The weekend before was Mother’s Day, and Mark and I went down to see our son at university. Our daughter and her boyfriend were also away seeing his parents so it was a rather unusual Mother’s Day albeit a different way to spend Mother’s Day. So that weekend I didn’t get anything done in the garden because the Saturday it poured with rain.
So this weekend, after a morning bell ringing and picking up paving slabs and spending my birthday money (yes it was my birthday on 21st March, I’m 49 now!!), after lunch I slipped on my wellybobs and went outside into the garden. My two almond trees are in full blossom at the moment, hopefully this means that I’ll get more than 3 almonds this year.
The primulas and various other flowers in the fairy garden are looking so colourful as well as the daffodils. The tulips are thinking about opening, but I think it’s still a little too cold for them.
There was lots to do in the greenhouses so after checking if anything needed watering I began pricking out more seedlings.
My tomato seedlings are growing fast, so I pricked out as many as I could. I suspect few more will grow, so where I’m going to grow all these I don’t know. When sowing them, you only think you’re sowing a few, maybe they multiply in the compost? Once I’ve pricked them out, I give them a quick water from above which helps the compost to fill in around the seedling and then from the bottom so the compost can draw up the water and encourage the roots to grow down.
Here’s a video about pricking out tomato seeds, hope you find it useful…..
Then it was onto my leeks. The Elefant variety are germinating better than the Musselburgh variety. I think that’s because one set of seeds is slightly older than the other. My onions aren’t quite ready to prick out yet, but will be in about a weeks time so I’ll prick them out in the same way as I do my leeks.
Here’s a little video that I made a while ago to help you…..
Then it was onto the brassicas. Most have shot up so fast, with the exception of the Greyhound Cabbage, but I know these seeds are so old anyway. I think I’ll have to finally throw these away. But the others are growing well, so I worked my way through them all this afternoon.
Hope you find this video useful when pricking out yours…..
And finally the chard which I pricked out the same way as I did the brassicas, but instead of putting 1 seedling per pot I clumped them together in 3’s or 4’s. You don’t have to be exact with the numbers but they don’t mind having a couple of buddies with them.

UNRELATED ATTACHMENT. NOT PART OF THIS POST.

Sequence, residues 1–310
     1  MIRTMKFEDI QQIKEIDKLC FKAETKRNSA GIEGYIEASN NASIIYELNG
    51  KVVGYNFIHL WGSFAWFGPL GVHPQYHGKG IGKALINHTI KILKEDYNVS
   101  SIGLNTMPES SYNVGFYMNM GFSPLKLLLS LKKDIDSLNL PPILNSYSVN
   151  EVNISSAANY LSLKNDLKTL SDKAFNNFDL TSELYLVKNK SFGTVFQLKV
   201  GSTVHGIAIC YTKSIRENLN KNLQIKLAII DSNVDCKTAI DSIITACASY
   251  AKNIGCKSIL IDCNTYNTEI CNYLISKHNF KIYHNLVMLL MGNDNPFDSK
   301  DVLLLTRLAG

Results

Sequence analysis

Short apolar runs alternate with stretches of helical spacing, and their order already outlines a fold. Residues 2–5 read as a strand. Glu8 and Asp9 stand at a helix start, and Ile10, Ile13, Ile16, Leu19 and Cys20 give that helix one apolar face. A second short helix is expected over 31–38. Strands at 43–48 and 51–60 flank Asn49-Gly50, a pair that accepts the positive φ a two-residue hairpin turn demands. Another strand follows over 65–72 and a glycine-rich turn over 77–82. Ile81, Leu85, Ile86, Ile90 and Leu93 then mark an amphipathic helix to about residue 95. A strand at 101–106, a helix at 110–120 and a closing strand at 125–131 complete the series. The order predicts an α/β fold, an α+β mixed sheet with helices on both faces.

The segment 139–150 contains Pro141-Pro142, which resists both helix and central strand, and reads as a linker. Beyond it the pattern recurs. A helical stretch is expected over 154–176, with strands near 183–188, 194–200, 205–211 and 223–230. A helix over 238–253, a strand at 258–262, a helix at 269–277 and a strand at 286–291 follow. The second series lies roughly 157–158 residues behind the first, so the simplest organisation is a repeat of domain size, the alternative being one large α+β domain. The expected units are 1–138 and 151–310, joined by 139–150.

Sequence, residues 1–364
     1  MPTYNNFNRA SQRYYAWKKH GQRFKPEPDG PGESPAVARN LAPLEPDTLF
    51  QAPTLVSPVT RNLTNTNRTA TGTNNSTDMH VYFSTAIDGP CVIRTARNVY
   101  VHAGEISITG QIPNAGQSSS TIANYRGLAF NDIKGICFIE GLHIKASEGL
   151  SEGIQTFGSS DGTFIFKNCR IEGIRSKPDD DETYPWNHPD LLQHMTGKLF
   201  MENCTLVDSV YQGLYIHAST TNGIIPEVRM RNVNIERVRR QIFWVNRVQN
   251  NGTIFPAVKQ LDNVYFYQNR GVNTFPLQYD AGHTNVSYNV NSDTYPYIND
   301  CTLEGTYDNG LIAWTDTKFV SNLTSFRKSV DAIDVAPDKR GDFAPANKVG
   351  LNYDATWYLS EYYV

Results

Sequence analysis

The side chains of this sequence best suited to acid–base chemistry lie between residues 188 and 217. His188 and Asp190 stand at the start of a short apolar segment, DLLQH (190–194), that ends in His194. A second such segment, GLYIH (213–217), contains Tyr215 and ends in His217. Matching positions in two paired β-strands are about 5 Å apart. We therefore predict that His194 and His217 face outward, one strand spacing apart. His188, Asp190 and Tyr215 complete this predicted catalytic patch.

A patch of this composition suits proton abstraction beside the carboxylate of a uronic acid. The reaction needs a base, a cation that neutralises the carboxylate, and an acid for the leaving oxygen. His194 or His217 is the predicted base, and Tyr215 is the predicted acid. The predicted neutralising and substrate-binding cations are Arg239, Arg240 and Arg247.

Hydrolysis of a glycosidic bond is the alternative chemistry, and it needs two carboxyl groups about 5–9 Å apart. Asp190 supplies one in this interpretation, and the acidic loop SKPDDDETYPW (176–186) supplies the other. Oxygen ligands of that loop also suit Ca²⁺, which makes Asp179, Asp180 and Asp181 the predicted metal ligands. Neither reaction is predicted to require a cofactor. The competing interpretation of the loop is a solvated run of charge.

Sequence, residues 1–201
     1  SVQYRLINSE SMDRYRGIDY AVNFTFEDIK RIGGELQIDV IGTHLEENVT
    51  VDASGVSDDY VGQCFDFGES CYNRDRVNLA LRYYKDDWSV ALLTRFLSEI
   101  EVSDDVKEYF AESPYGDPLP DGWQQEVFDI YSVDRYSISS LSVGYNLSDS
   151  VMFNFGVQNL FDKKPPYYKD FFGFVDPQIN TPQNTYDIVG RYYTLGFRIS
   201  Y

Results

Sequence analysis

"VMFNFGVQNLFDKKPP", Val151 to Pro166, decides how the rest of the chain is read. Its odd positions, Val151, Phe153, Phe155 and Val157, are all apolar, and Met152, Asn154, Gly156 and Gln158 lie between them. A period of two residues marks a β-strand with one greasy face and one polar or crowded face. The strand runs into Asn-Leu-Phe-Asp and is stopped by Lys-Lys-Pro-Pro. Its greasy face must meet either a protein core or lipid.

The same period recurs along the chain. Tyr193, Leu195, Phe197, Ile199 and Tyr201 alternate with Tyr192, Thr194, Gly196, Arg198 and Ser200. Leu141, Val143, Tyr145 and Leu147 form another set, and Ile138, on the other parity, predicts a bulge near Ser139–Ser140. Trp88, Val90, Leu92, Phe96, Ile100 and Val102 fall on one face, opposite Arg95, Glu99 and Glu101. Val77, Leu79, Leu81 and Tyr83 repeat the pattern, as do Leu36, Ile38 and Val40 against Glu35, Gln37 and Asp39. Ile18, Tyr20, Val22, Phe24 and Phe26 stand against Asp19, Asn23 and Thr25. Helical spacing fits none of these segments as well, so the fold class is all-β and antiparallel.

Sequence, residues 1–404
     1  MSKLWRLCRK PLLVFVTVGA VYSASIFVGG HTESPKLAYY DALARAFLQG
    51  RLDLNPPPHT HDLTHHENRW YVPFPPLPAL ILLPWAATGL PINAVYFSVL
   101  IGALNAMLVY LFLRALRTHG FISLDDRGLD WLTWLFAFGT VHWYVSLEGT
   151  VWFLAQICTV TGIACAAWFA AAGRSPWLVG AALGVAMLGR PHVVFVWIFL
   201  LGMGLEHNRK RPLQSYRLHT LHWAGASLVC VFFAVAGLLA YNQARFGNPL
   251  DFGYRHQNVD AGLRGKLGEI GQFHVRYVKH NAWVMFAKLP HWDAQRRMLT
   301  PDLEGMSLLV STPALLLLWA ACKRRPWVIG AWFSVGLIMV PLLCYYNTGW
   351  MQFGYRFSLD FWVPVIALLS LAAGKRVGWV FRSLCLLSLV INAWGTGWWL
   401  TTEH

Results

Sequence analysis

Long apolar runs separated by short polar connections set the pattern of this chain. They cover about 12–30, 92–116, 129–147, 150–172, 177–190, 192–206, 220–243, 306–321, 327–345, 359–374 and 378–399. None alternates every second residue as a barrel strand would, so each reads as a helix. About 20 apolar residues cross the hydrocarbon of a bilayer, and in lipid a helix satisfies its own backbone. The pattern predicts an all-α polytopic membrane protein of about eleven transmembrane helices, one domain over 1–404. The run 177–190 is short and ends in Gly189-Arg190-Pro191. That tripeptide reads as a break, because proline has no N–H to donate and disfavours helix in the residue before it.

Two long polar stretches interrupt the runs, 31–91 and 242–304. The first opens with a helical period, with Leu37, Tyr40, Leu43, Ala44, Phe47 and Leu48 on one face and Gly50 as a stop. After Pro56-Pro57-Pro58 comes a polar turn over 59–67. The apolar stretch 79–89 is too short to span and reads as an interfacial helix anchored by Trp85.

So that was it for the day. Don’t forget I have my Claire’s Allotment Essentials Guides, click HERE to go straight to my page. Or there is the Bumper Edition either on Kindle or Paper Editions
The young budding gardeners aren’t left out either as I have my Lottie and Dottie books available only on my Etsy page. Get them while you can as stock is very low on a couple of the titles and once they’re gone there won’t be anymore.
Happy gardening and see you next weekend,
Claire, It’s been a chilly Spring here in Nebraska. Even now the nights are cold and sometimes frosty. The soil temperature is finally hovering around 40F (4.4C). It’s time to start planting some cold weather crops like radishes, onions, spinach, and maybe some root crops. I had an infestation of mice in my seed starting area. I’ve never had a single mouse in 38 years in my house but this year they invaded my house and not only ate my seedlings but the leftover seed as well so I’m having to start over with seed starting. It’s a little set back but not the end of the gardens.
I had a rabbit issue last year. They ate my strawberries right down to the ground and I threw together a makeshift protection to keep them away from the strawberry plants. This year I’m building a better looking protection to keep the pesky little buggers out.
Have a great day in the garden.
Nebraska Dave Urban Farmer